The Panda that eats MEAT! Panda caught on infra-red camera having midnight feast of dead antelope

By Lucy Buckland

Forget the bamboo! This giant panda gets his teeth around a dead antelope in the forest in Ping Wu, in Sichuan province

He looks like he has been caught out helping himself to a forbidden snack.

And perhaps this panda realises he has given away a secret kept under wraps for years as he is captured red-handed tucking into a dead antelope.

It was previously thought the creatures were strictly herbivores but as this infra-red camera shot taken in Ping Wu, in southwest China's Sichuan province shows, pandas sometimes do prefer a meaty snack.

According to the World Wildlife Fund China pandas have the digestive system of a carnivore and will eat meat if available, but adapted a long time ago to a vegetarian diet.

Because of this carnivorous digestive system the panda derives little energy and protein from consumption of bamboo so must eat as much as 14kg a day to stay healthy.

It has taken millions of years living in bamboo forests for the panda to improve its ability to digest cellulose from bamboo.

It is unlikely the panda pictured killed the antelope in the picture and may have fortuitously stumbled across the animal in the forest.

China is set to launch its once-a-decade panda census as it tries to determine how many of the endangered animals live in the wild amid efforts to boost numbers.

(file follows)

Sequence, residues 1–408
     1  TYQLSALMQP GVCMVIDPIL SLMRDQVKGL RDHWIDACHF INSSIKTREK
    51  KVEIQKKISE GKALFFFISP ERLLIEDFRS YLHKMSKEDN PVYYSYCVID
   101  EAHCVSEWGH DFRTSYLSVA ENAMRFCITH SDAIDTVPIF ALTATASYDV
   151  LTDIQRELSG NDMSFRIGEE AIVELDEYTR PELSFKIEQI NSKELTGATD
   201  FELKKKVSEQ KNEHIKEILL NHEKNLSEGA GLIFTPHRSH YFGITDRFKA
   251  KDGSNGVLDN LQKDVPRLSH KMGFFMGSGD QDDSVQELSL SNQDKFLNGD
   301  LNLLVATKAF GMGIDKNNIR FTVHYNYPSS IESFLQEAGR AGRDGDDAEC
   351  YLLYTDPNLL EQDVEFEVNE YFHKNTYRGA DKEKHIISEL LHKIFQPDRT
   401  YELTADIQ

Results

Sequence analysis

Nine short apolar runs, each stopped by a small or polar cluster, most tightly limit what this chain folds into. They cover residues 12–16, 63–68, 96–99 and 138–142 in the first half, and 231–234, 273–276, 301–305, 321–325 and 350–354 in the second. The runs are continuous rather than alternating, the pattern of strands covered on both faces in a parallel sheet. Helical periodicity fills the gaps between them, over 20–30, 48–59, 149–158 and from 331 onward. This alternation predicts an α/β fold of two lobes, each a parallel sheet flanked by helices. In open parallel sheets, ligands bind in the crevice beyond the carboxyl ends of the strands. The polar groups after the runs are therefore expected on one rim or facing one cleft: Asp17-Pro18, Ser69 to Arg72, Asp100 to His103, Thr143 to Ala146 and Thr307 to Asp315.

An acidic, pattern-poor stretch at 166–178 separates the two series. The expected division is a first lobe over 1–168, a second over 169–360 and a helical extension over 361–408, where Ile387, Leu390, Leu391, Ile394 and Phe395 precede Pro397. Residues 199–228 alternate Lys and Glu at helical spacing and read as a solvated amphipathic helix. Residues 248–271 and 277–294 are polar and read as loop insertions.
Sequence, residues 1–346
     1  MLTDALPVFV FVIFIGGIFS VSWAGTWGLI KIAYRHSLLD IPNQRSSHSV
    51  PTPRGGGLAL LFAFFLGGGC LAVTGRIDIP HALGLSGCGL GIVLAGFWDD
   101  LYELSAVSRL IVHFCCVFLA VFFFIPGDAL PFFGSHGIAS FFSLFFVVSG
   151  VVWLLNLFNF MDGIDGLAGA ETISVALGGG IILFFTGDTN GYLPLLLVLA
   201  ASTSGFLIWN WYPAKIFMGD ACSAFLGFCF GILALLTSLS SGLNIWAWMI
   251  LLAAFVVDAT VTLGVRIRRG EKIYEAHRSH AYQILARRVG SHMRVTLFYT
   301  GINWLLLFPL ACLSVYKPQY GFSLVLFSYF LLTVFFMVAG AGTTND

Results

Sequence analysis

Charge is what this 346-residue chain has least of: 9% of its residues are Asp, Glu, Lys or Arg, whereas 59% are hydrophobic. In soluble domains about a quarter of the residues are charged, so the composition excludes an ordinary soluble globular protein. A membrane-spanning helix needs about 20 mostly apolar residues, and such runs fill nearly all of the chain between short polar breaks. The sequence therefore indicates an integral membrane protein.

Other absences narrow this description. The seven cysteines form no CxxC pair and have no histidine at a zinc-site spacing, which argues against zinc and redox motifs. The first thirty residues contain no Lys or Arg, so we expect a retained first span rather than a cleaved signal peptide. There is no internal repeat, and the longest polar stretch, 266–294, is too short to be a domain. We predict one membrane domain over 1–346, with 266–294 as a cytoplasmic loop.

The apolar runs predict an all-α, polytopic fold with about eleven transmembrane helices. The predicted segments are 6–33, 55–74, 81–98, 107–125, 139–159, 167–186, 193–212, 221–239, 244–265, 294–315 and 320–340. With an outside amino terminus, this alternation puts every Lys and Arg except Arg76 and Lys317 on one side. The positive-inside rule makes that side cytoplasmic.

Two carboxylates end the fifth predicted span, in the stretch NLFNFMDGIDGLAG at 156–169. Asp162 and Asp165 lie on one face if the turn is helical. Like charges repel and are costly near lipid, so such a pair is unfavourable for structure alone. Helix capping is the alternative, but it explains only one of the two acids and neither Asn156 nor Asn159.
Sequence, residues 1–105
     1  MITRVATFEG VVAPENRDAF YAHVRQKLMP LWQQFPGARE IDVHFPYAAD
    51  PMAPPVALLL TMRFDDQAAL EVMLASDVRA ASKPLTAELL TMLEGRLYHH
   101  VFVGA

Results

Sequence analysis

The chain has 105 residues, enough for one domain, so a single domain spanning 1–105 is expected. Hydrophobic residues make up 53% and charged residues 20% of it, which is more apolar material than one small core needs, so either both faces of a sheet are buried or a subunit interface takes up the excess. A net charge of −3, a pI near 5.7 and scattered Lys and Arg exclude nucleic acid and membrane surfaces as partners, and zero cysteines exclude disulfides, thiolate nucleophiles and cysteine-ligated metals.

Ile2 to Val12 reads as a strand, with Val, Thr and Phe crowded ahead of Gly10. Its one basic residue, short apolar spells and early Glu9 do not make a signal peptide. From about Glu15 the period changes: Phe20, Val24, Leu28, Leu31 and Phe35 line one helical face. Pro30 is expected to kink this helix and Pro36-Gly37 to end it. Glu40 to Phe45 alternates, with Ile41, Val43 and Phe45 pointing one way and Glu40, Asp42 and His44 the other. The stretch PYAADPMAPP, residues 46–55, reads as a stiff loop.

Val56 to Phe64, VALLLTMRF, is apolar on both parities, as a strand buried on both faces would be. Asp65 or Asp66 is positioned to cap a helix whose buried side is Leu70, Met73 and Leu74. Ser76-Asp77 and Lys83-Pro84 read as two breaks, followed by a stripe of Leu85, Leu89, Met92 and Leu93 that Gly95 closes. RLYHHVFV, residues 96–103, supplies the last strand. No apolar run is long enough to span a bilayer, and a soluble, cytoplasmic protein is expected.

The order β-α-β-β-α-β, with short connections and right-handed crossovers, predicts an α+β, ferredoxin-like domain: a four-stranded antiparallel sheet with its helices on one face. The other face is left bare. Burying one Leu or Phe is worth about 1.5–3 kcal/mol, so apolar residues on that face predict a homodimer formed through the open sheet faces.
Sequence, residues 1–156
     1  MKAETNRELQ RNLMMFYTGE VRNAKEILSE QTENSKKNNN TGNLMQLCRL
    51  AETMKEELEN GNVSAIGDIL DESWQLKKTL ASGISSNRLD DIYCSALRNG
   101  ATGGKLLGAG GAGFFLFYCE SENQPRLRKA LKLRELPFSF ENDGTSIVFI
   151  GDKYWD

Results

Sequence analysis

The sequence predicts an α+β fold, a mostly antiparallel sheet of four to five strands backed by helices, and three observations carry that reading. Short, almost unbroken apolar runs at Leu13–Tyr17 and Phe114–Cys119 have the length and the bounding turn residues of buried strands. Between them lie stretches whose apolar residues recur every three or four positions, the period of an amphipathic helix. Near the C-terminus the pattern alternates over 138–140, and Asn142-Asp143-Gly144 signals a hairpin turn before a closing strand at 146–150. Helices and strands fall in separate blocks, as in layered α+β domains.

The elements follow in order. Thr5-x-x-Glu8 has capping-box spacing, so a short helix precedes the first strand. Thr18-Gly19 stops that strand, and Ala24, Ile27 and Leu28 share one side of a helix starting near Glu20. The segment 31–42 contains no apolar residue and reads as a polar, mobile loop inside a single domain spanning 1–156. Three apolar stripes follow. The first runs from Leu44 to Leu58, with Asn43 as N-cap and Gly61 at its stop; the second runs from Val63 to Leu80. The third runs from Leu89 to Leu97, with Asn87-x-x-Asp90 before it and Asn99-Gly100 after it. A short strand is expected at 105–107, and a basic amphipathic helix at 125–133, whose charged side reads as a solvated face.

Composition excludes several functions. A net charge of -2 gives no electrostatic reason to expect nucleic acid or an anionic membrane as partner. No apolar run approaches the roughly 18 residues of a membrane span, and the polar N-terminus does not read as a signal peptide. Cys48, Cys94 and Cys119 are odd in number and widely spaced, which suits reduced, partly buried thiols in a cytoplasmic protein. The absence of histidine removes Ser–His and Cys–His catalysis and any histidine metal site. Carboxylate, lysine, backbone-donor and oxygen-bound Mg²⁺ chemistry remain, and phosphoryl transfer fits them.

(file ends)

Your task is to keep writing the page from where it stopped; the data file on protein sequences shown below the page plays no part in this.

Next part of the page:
That's more like it! Yang Guang the panda at Edinburgh Zoo gets his mouth around the more traditional panda snack, bamboo

And as the population depletes government officials confirmed it will begin sending pandas bred in captivity into a controlled wilderness area in southwestern Sichuan province next month, the most ambitious attempt to rebuild the country's depleted population of giant pandas in a natural habitat.

The first six pandas selected from 108 raised by the Chengdu Giant Panda
Rehabilitation Project, the world's largest captive bred population of giant pandas, will be released to a protected natural area covering more than 2,000 acres.

'Rather than keeping them in their enclosures, we will spend the next 50 years helping them return to their natural habitat, which is the ultimate goal of the Chengdu Panda Base,' Zhang Zhihe, director of the base, said.

The pandas, bred through artificial insemination, will be released in batches and monitored as they acclimatise. Those who perform well in an initial area will be released into the primary controlled wilderness area.

The first six pandas range in age from two to four and were chosen on the basis of gender ratio and health.

In 2004, a census by the Worldwide Fund for Nature counted 1,600 pandas in the wild, most in Sichuan province.

Pandas are difficult to breed because females ovulate only once a year and can only become pregnant during a two or three-day period.



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